State and paramilitary repression of the Mapuche peoples

     |    Wednesday, der 10. February 2010

The conflict that began in 1990 in southern Chile among landowners, lumber   companies and the indigenous population has escalated.

The Mapuche, normally a peaceful tribe, successfully defended their freedom and territories against first Incan and later Spanish colonists. Yet in the past century, they have lost nearly 90 percent of their land. They suffered above all during the Pinochet dictatorship, when indigenous territories were privatized by the state and awarded to transnational lumber companies, who went on to clear the forests of their naturally occurring trees and plant fast growing species that destroyed the forests’ ecological balance and caused soil to become infertile.

The Mapuche have few resources to help them win back their land. They peaceably squat the tracts of land that were given to large conglomerates under Pinochet. Yet members of state police forces and private paramilitary “security companies” belonging to wealthy lumber companies (for example to Hernán Trizano) use violent means to forcibly gain entry into the squatted territories and make arrests under the cloak of anti-terror laws passed during the Pinochet era. At peaceful rallies and protests, children show the casings from bullets and bombs that were thrown at them.

The Chilean police react to peaceful Mapuche civil disobedience and demonstrations with aggression and with increasing regularity, the injuries sustained by Chile’s indigenous population are fatal. As recently as August 12, 2009 a young Mapuche man, Jaime Mendoza Collío, was killed during violent raids of the San Sebastián premises by special police units (GOPE). He died when shot while fleeing. The bullet was from the gun of police officer Miguel Àngel Jara Muñoz. The postmortem investigation by the official medical department (SML) in Angol reached the same conclusion as Chile’s criminal investigation department (PDI): Collío’s death was caused by bullet to the back while Collío himself had no traces of gunpowder on his hands.

This shows that the statement by the police – that police officer Muñoz actrd in self-defense – was false testimony. In spite of this proof, the police version was accepted by both the Ministry of Internal Affairs and the head of the police. The police officer in question was held in custody for just 23 days before being acquitted.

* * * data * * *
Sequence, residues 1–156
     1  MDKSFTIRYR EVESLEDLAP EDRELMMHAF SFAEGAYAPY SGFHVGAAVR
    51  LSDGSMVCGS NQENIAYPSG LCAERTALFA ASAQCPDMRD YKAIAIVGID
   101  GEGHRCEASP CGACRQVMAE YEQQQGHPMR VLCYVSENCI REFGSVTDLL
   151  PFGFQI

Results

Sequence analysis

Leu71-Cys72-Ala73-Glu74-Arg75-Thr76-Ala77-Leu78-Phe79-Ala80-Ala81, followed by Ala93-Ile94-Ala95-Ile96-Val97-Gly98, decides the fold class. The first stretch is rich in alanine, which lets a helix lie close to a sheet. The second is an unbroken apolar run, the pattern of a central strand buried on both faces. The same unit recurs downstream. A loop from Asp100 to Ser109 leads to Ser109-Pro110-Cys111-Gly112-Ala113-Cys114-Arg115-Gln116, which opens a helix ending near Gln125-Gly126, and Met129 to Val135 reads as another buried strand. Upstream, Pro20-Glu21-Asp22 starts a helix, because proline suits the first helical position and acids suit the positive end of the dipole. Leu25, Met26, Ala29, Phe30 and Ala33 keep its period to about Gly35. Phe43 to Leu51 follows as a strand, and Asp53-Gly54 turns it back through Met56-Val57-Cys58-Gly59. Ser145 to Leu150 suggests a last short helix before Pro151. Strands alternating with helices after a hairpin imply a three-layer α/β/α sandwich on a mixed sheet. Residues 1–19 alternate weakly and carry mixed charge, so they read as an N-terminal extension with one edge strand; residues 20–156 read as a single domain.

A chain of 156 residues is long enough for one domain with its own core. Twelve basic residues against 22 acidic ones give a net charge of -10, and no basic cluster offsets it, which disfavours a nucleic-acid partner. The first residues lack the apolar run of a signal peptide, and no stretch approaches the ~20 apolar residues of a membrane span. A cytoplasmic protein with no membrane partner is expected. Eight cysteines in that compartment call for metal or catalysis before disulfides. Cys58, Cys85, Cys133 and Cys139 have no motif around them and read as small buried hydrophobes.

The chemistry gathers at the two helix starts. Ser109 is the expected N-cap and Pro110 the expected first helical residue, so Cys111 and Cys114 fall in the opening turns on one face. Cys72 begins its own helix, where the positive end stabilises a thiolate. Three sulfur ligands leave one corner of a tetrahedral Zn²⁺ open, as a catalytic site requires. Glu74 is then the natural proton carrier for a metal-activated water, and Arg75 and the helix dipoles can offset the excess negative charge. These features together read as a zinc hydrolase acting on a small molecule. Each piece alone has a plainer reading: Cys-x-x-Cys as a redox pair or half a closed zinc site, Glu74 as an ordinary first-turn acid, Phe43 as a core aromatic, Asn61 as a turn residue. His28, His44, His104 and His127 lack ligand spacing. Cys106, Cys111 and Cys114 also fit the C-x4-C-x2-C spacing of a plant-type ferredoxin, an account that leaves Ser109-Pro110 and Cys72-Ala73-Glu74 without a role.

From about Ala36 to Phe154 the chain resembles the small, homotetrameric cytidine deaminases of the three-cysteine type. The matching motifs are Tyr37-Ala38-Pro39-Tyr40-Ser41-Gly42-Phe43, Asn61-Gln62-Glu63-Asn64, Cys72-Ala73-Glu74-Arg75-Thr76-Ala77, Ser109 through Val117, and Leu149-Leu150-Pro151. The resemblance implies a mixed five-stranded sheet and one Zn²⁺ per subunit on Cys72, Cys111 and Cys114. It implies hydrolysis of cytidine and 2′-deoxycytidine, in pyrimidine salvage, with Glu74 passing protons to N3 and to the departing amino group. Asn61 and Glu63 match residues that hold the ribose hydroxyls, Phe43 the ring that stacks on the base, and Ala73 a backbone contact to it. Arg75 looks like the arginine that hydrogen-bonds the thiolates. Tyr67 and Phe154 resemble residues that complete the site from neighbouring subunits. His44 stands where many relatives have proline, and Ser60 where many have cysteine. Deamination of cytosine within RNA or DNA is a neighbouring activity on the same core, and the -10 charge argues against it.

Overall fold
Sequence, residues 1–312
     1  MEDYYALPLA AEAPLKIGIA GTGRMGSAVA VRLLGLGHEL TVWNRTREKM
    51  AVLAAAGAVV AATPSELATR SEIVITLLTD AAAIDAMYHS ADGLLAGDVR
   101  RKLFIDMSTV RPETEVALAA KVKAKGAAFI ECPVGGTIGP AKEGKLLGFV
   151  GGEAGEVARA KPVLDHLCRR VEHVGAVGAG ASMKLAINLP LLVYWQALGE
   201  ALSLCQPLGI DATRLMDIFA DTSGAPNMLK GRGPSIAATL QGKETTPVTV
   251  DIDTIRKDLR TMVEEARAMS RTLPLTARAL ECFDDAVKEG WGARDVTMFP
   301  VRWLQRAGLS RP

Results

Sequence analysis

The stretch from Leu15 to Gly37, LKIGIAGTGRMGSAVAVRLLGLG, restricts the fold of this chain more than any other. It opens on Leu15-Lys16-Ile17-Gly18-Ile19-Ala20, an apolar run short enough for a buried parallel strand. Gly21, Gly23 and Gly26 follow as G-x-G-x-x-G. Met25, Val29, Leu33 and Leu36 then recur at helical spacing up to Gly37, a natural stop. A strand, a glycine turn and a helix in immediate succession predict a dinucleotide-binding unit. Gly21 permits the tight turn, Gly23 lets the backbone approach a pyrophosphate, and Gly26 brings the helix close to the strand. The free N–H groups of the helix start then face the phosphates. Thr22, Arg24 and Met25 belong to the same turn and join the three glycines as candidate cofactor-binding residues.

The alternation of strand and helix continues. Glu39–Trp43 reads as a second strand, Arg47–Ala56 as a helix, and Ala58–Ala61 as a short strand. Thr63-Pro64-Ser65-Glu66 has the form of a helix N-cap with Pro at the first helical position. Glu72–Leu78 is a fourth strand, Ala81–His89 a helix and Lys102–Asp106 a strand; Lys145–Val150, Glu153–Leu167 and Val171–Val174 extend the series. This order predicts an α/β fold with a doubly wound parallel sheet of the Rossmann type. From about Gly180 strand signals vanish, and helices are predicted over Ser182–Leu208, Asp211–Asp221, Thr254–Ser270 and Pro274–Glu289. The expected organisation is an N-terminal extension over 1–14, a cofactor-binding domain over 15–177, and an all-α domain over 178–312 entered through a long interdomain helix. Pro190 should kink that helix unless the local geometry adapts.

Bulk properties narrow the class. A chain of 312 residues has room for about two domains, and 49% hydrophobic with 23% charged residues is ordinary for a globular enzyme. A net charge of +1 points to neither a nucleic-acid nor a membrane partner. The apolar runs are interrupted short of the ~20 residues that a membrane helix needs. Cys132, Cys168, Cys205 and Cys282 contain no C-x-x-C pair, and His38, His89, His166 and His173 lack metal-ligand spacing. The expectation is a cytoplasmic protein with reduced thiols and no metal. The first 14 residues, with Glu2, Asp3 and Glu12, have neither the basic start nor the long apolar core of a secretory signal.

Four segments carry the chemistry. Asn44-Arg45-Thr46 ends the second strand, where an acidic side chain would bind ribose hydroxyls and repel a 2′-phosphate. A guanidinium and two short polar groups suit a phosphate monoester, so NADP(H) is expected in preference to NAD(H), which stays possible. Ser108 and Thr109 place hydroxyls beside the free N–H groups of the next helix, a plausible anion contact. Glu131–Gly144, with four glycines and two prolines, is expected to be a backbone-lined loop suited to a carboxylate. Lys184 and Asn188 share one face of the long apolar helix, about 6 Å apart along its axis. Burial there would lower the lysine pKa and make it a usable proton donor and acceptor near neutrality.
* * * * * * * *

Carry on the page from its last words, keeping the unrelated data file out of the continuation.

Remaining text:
Trials involving Mapuche generally never reach the official justice system, they usually are heard by partisan military courts. Moreover, the Pinochet era (1984) anti-terror law (Nr. 18.314) is used exclusively against the Mapuche.   This law allows the state to keep “terror suspects” in prison for months, or years. The right of the accused to mount a defense is limited; statements by  prosecution witnesses are made anonymously, making it impossible for the defense to verify them. In addition to prison sentences, those convicted under these laws are banned for 15 years from taking political, educational, civil or trade union office. This law is mostly used against politically engaged Mapuche who, through civil disobedience, stand up for their people and demand their land back.

Meanwhile, the radical Arauco Malleco Mapuche group have announced that they intend to denounce their Chilean citizenship and declare war against Chile and proclaim as independent Mapuche territory the region south of the BíoBío River. Some Mapuche, along with non-belligerent protests and squatting, have begun to attack and set on fire the trucks used by large lumber companies to transport wood they have taken from Mapuche territories. Meanwhile, more and more Mapuche are sentenced to prison for many years through questionable use of preventative anti-terror laws.

Support the Mapuche peoples and sign the protest letter we have prepared to send to Chilean President Bachelet.

The Chilean government has already ratified the UN declaration concerning the rights of indigenous peoples. It states specifically in Article 26 that indigenous peoples retain rights to the areas, the land, and to resources that they have traditionally held. Work together with us to demand that Chile immediately comply with the UN declaration and return the Mapuche lands seized at the time of the dictatorship.

Author: Magdalena Markones Nov. 6, 2009